Here are three scanning electron micrographs of laser-irradiated turkey cartilage, recorded from different perspectives and with different magnification. It was the day after Thanksgiving in 1981, and like most others across the nation, Rangaswamy "Sri" Srinivasan, a researcher at IBM's Thomas J. Watson Research Center in New York, had brought some turkey with him to work. The difference between Srinivasan and everyone else was that the scientist had no plans to eat the leftovers.
This image shows trachea development in the Drosophila fly; the leading cell (Green) is dragging the group of six cells (red). Jordi Casanova, head of the "Morphogenesis in Drosophila" lab at IRB Barcelona and CSIC research professor, and Gaëlle Lebreton, postdoctoral fellow in the same group, have published a study performed using Drosophila melanogaster in the Journal of Cell Science. This work reveals that in a multiple movement, a single cell can act as the leader and can drag the rest with it. The scientists have studied the tracheal development of Drosophila in vivo and describe the morphological characteristics of the leading cell and provide molecular details about how it drives the movement.
Researchers at the University of Copenhagen have unveiled a profound biological process that explains how DNA can be damaged during genome replication. In addition, the scientists developed a new analytical tool to measure the cell's response to chemotherapy, which could have an important impact on future cancer therapy. The results are now published in the scientific journal Cell.
This image shows the female Fufius lucasae described for the first time in this study. Scientists discover three new gorgeous species of the wafer trapdoor genus Fufius – F. minusculus, F. jalapensis, and F. candango. The discovery of the three new species, published in the open access journal ZooKeys, paves the road to understanding the morphological variability of the species in this little known mygalomorph genus.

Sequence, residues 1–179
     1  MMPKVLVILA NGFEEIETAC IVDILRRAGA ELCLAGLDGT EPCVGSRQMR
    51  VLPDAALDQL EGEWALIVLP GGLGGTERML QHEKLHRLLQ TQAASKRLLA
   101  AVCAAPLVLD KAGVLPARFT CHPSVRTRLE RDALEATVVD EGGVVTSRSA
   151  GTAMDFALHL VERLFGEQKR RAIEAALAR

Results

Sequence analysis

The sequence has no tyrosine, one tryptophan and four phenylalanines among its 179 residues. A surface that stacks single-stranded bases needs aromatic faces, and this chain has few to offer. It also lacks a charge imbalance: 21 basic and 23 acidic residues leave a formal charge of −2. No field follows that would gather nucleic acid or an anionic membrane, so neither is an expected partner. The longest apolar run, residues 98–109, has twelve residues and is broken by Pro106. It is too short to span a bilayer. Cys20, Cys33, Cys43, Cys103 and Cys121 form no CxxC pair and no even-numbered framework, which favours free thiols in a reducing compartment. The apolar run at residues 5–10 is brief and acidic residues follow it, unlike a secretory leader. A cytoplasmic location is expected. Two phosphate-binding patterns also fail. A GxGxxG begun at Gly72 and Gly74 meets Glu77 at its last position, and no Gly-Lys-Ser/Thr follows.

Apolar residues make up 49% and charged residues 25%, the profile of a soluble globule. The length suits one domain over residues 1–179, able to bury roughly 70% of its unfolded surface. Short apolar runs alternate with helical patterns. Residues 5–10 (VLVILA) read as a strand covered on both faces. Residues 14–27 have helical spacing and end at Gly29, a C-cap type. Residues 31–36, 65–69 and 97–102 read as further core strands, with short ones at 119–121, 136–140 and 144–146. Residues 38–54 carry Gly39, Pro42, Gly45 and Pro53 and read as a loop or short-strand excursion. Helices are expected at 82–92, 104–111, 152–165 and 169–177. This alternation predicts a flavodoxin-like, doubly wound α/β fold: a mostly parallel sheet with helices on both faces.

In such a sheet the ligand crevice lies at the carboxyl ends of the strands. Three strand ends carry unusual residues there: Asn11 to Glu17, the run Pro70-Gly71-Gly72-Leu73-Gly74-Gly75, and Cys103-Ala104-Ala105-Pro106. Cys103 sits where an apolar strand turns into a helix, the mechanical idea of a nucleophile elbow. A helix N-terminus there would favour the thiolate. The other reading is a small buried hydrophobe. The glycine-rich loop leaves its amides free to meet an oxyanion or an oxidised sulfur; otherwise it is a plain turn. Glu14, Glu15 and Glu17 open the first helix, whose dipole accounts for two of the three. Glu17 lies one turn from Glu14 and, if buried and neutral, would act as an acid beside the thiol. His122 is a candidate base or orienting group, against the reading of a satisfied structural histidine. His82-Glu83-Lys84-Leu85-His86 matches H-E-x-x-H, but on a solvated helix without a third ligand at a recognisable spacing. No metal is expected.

Predicting adult body height from genetic data is helpful in several areas such as pediatric endocrinology and forensic investigations. However, despite large international efforts to catalogue the genes that influence the stature of humans, knowledge on genetic determinants of adult body height is still incomplete. Now DNA-based prediction of taller-than-average body height is feasible, as reported by researchers from the Netherlands and Sweden in an article published in Springer's journal Human Genetics.
This image shows a great white shark. The great white shark, a major apex predator made famous by the movie "Jaws," is one of the world's most iconic species capturing an extraordinary amount of public fascination. An intriguing question is what makes a white shark so distinctive? One way to address this is to explore the genetic makeup of this remarkable animal.